Molecular genetic monitoring of populations over time is a powerful approach to facilitate an understanding of genetic changes in populations impacted by harvesting, particularly for small populations of threatened species (Allendorf et al. 2008; Coltman 2008). Interpreting genetic data within the context of demographic history is also critical to accurately explain genetic change (e.g., Jackson et al. 2008). Wolves across North America have been subjected to intense eradication efforts that have limited their genetic variability and evolutionary potential (Leonard et al. 2005), promoted coyote (C. latrans) expansion eastward (see Rutledge et al. 2010b), and increased coyote hybridization with eastern wolves (C. lycaon) (Kays et al. 2010; Way et al. 2010) and red wolves (C. rufus) (Fredrickson and Hedrick 2006; note that C. lycaon and C. rufus are suggested as the same species by Wilson et al. 2000).
Seemingly limited to regions in and around Algonquin Provincial Park (APP; Rutledge et al. 2010c), eastern wolves (Fig. 1) are particularly susceptible to hybridization because of their shared evolutionary history with coyotes in North America (Wilson et al. 2000; Rutledge et al. 2010b) and their ability to bridge gene flow between gray wolves and coyotes (Rutledge et al. 2010c). In addition, eradication efforts over the past 400 years have substantially reduced the population size of eastern wolves (Boitani 2003), making them particularly susceptible to introgression from expanding coyotes due to an absence of suitable mates and the tendency for genes to flow asymmetrically from the more abundant into the more rare species (Grant et al. 2005). Patterns of introgression associated with human-caused reduction in population size have been noted in red wolves that hybridize extensively with coyotes (Fredrickson and Hedrick 2006) and Vancouver Island gray wolves that have introgressed dog genes (Muñoz–Fuentes et al. 2010).
Unlike gray wolves in the west, eastern wolves readily hybridize with coyotes (Rutledge et al. 2010c), and it has been suggested that high mortality of APP wolves could lead to gene swamping by coyotes (Theberge and Theberge 2004) that are ill-suited to occupy the niche of an apex predator and exert substantial top–down limitation of large ungulate prey species (i.e., deer and moose) due to their small size (e.g., Carbone et al. 1999). If intense harvesting of eastern wolves in APP results in increased hybridization with neighboring coyote populations, trophic interactions may be decoupled or otherwise altered. There has also been some suggestion that disruption to pack social structure associated with harvest pressure (Rutledge et al. 2010a) and breeder loss (Brainerd et al. 2008) could increase eastern wolf hybridization with coyotes when harvest occurs during breeding season.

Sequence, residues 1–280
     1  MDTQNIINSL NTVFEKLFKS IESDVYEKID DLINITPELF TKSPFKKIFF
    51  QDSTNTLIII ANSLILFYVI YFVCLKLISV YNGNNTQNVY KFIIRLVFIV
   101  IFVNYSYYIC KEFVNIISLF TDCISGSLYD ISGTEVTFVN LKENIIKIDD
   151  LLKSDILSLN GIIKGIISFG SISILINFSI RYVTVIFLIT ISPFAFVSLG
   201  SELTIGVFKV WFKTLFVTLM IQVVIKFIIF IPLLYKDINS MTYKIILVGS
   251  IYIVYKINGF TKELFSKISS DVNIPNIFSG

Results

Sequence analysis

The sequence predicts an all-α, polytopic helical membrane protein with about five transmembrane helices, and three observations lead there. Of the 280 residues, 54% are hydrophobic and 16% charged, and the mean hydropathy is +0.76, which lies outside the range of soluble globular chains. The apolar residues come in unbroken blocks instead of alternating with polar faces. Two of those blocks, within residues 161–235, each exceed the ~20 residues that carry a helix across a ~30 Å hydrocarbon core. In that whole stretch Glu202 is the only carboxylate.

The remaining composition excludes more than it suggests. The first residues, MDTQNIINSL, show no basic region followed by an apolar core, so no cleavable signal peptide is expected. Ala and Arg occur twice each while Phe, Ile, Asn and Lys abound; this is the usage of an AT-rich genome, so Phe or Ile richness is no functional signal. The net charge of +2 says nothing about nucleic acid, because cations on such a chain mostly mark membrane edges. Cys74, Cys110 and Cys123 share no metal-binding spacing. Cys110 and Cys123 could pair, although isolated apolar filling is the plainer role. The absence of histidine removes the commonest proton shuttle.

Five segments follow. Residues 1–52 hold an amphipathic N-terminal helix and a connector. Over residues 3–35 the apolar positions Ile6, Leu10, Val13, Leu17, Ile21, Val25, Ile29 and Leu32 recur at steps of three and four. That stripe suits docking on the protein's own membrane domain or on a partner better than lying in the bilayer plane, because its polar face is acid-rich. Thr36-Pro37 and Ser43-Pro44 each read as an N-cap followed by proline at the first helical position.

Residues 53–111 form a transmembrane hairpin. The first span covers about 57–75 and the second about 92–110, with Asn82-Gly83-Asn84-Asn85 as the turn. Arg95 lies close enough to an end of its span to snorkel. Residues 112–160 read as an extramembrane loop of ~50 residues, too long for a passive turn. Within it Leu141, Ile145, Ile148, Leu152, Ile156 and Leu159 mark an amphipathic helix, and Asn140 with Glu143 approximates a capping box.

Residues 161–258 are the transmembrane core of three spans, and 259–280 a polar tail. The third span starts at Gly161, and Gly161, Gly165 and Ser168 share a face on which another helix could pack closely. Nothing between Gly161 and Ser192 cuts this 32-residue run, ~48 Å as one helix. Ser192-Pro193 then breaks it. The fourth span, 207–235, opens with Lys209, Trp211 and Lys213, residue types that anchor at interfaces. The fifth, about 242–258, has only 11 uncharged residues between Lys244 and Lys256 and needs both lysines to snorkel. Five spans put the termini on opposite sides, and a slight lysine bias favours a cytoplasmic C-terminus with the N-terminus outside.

Although wolves in APP, Ontario Canada (Fig. 2) are a morphologically and genetically differentiated group of approximately 200–300 eastern wolves that share a common evolutionary lineage with coyotes and red wolves (Wilson et al. 2000; Kyle et al. 2006, 2008; Rutledge et al. 2010b, d), prior to the year 2000, they were thought to be a gray wolf subspecies (C. lupus lycaon) that at the time was abundant across Ontario. Within the park, wolves have survived a long history of control efforts dating back to the park's establishment in 1893. Prior to the mid-1960s, wolves were actively poisoned, snared, and shot by park rangers in an effort to bolster game populations. Between 1909 and 1958, an average of 49 wolves per year (range 11–128) were killed in APP (Pimlott et al. 1969). In 1959, harvesting ceased within the park so that researchers could study an unexploited population of wolves. To conclude that study, researchers culled 80 wolves in 1964 and another 26 in 1965 in an effort to understand the reproduction and age structure of the population (Pimlott et al. 1969). The harvested wolves constituted the majority of wolves within the study area (population size estimate for the 2849 km2 study area was 90–110; Pimlott et al. 1969) and accounted for approximately 36% of the park's wolf population at the time (population size estimate for the total park [7725 km2] = 1 wolf/26 km2= 297 wolves [Pimlott et al. 1969]). Since the end of the research project in 1965, wolves have been protected within the park, although human-caused mortality of migratory park animals still accounted for ∼60% of all wolf mortality in the eastern half of the park (Forbes and Theberge 1996; Theberge and Theberge 2004) until December 2001 when wolf protection was extended to all townships surrounding the park (Rutledge et al. 2010a).